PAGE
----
On Thanksgiving morning, Rapid Run Park in West Price Hill was empty except for an older woman, bundled up in a long coat and a big hat, walking her dog. She wished us a happy Thanksgiving and asked if we knew what time the parade started. This short conversation gave me the time to realize that although it was cold and a light frost was still speckling the grass, I didn’t really need my gloves. I dropped them off at the car before making a second circuit around the park.
Rapid Run Park is hilly and full of stately trees. There is a shallow lake—drained for the winter—which is known for being “one of the best places to launch a toy boat.” I’ve heard that the west side high schools use the park as a cross country course.
The picnic shelter here is another example of our city’s fine park architecture:
We really could have done our entire run in Rapid Run Park and been perfectly content, but West Price Hill is one of the city’s biggest neighborhoods, and we knew we had to work up a good appetite for afternoon meal. So we headed up Rapid Run Road to Glenway, where we cut over to Kreis Lane. This jaunt down Kreis and up to Ridgeview was familiar to us from having run the Price Hill Pacer 5K several times.
On West Eighth, we passed a row of businesses that included the Covedale Pet Hospital and its sunshine mural:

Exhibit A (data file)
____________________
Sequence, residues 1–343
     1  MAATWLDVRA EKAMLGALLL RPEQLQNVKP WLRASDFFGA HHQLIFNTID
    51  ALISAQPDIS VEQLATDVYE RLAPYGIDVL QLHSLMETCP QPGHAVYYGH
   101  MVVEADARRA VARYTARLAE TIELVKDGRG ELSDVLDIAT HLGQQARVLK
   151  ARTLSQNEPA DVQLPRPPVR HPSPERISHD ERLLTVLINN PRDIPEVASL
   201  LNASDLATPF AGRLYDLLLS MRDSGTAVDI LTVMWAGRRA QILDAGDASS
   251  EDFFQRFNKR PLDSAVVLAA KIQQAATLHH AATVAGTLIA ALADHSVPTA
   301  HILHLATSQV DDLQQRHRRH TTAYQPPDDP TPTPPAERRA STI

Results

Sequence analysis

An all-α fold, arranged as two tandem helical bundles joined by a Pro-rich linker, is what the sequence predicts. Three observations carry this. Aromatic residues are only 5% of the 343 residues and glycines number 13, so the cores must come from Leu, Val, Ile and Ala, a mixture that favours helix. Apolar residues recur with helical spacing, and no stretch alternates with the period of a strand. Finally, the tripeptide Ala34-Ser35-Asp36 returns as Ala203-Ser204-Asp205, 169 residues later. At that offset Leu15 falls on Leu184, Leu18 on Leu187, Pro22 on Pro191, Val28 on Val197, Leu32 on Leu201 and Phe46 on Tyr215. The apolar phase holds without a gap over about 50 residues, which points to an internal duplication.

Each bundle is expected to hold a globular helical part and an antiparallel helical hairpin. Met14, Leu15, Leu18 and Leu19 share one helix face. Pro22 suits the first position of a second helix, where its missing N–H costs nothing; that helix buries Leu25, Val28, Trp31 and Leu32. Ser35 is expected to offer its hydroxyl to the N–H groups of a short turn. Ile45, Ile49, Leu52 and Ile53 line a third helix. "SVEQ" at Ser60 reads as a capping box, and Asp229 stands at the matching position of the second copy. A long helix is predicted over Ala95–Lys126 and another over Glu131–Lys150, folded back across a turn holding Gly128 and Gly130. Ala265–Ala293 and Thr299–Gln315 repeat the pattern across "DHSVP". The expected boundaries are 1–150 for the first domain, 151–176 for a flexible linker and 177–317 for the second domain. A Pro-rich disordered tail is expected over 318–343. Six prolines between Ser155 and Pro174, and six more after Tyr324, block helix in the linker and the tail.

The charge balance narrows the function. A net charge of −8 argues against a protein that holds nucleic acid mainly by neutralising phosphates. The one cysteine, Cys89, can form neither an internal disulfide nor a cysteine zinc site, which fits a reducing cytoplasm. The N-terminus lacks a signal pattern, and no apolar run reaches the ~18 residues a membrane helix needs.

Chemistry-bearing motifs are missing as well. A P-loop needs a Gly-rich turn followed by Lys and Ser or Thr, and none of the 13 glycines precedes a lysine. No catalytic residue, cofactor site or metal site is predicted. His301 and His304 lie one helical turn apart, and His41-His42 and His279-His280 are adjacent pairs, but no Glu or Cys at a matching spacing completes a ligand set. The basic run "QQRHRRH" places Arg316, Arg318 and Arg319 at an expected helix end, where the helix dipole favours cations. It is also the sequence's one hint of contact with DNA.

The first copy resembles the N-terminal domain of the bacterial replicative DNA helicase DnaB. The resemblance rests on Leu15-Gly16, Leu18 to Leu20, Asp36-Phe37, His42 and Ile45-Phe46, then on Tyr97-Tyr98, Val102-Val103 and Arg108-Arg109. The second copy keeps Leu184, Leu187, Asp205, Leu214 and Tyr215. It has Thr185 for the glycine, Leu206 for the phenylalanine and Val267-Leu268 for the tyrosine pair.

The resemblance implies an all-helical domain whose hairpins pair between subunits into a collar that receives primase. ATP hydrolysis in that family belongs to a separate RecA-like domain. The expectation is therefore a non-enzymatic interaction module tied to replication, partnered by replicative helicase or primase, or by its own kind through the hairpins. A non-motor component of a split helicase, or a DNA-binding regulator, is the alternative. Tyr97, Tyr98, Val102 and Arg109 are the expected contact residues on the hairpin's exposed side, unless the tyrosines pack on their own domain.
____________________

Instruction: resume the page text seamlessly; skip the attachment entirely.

On a handful of occasions our Run 52’s have coincided with a special neighborhood event: a Queen City Bike display in North Fairmount, the Hudepohl 14k in Pendleton, the Hyde Park Blast. On Thanksgiving morning in West Price Hill, the neighborhood gathers along Glenway Avenue for a parade.
When I hear the sounds of a parade my heart swells on cue. For me, a marching band can strip away both the cliché and the academia from words like “civic” and “community” so that I’m reminded of what those words really mean to people, and how those words feel.
The parade makes its way through the Glenway business district—past the Covedale Center for Performing Arts, Sebastian’s, Price Hill Chili, Hart Pharmacy, and many other neighborhood institutions—and is meant to usher in the holiday season. Another sign of the holiday season is the Christmas tree stand on Glenway. We could smell the pine from across the street!
When it was possible, we tried to run behind the spectators and not disturb their view, but we couldn’t resist the neighborhood sign:
This was route number 50 of 52. The challenge is nearly complete!
We know we have so much to be thankful for this year—each other, our health, our friends and family, our city. I could go on and on. In fact, at dinner that evening when it was my turn to describe what I was thankful for, I did go on and on. My dad had to cut me off so that Donnie could have a turn. Ha!